8. Yes, it will be online with Carl's recap info after the rally.
  9. Additional expenses are insignificant and I do not want "donations" - I just need to know how many are interested so I can prepare properly. Sincere thanks to those that offered anyway.
  10. It would be extremely helpful for me to have some sort of headcount for the build-it project at the ECR. I have asked those who want to participate to bring a 50 amp plug. I will be bringing the remaining materials and knowing if I have enough or too many will help as I get things together. The following is an edited repost of what was put up earlier: Posted March 6 (edited) This is the preferred 50 amp plug. Clicking on the above link to Amazon will allow on-line ordering. Plugs should be available at any RV parts store and selected WalMart stores. The quick check tester will include these functions: L1 to neutral pedestal wiring OK L2 to neutral pedestal wiring OK L1 to ground pedestal wiring OK L2 to ground pedestal wiring OK The correct phase relationship between L1 and L2 No reversed hot or neutral connections Bonding of ground and neutral at the pedestal Failure of select lights to illuminate will indicate a possible fault in the pedestal wiring. This is a simple low-tech project for those that do not have a commercial EMS or want to do a quick check of any 50 amp park outlet. The indicator lamps are neon with resistors pre-attached. Extension wires will need to be soldered and attached to the appropriate points inside the plug. The device replaces the sometimes awkward testing of the park pedestal with a VOM. I will bring the additional components needed with me. There is no additional cost for components used to complete the project.
  11. RandyA

    Fuel spill insurance

    Back in the "Old Days" gasoline tanks in cars/trucks could rust quickly and small holes would frequently appear. There was little or no protection from flying road projectiles that liked to pierce the exposed bottom of the tank. Our cure was to rub over the hole/leak with a bar of Ivory soap. The leak stopped instantly and would stay sealed until the next big rain storm. I do not know if it would work on diesel fuel but suspect it would. Whatever is used to seal a fuel leak cannot be dissolved by the fuel and must displace the surface tension around the tank so that it can adhere to the tank material. A bag of kitty litter can come in handy for soaking up an oil or fuel spill as well as adding traction on ice. I don't know what the EPA or locals would do about covering the cost of a big diesel spill from one of our trucks but I do know that it can become a serious issue if the spillage can get into even a small creek, stream or drainage ditch that flows into a significant waterway. I need to talk with my insurance underwriter because I can find nothing in my policy that addresses the possibility.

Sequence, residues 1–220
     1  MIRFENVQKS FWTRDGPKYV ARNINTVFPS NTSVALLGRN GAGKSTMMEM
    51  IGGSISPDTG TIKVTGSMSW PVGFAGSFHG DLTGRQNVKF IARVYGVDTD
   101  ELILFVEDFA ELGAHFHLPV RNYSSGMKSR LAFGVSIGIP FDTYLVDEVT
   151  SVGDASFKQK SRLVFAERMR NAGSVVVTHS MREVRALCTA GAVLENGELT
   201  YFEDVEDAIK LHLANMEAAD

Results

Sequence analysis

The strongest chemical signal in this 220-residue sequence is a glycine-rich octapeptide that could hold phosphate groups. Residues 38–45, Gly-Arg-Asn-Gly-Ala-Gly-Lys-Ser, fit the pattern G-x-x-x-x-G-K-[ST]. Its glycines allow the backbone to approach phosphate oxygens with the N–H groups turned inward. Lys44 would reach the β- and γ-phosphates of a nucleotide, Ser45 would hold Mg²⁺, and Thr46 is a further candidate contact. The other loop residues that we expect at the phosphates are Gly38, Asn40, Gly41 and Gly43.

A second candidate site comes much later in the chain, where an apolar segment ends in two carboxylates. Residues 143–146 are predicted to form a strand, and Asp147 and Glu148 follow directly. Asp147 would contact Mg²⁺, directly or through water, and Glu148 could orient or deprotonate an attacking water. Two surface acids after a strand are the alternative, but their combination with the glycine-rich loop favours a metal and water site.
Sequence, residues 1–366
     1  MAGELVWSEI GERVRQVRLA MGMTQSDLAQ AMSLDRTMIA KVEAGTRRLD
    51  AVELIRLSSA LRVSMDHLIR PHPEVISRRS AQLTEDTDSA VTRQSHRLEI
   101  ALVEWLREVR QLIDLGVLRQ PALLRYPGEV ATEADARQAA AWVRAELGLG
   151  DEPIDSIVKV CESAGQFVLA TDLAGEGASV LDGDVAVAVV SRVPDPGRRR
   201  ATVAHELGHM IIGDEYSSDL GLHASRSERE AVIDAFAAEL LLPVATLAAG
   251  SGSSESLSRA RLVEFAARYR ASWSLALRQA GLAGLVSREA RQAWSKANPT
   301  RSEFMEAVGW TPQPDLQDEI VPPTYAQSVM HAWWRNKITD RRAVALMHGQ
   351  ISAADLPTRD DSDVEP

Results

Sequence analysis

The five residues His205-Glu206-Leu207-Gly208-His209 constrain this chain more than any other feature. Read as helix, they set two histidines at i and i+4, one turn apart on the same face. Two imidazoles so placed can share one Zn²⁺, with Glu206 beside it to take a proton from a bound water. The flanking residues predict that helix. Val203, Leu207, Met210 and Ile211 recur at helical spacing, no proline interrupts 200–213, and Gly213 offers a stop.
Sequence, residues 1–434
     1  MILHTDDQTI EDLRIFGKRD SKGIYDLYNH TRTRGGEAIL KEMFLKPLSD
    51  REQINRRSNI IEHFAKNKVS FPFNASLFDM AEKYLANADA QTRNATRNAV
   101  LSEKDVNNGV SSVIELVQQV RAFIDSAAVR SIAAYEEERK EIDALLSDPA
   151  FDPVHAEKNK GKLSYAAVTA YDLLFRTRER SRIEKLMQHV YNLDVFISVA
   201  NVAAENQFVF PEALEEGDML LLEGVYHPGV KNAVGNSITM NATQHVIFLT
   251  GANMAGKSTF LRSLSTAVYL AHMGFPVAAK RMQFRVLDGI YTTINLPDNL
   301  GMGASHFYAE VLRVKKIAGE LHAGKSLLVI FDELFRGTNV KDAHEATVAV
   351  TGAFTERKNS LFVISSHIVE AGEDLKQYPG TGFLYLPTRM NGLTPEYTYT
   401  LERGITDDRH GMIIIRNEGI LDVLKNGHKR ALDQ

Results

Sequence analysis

12. Many questions need to be answered to determine full-time or seasonal. What climate zone will you be in? A "recreational" fifth wheel can be mighty cold in the winter without good slide seals, insulated glass, high R value in walls, ceiling and floor. How much travel will you do? Alaska, cross country, back roads? Look at frame strength, suspension, tires, brakes, pin box - there are only a few currently built fifth wheel trailers that have the structure for extreme travel. If all you do is go to Florida for the winter all of this is moot. Often, the quality of the inside materials and their susceptibility to moisture and wear determine a full-time or part-time rating by the manufacturer. Furniture, carpet, bedding, cabinet construction, plumbing fixtures and venting selection determine how well a fifth wheel holds up with full time living. In today's market, you often don't get what you pay for! When your full-time home is down for frequent repairs due to stress on marginal parts and materials you quickly find yourself homeless or having a motel for an address. Glitz is nice but it is not an indicator of overall quality for full-time living unless you plan on only using the trailer for a couple of years.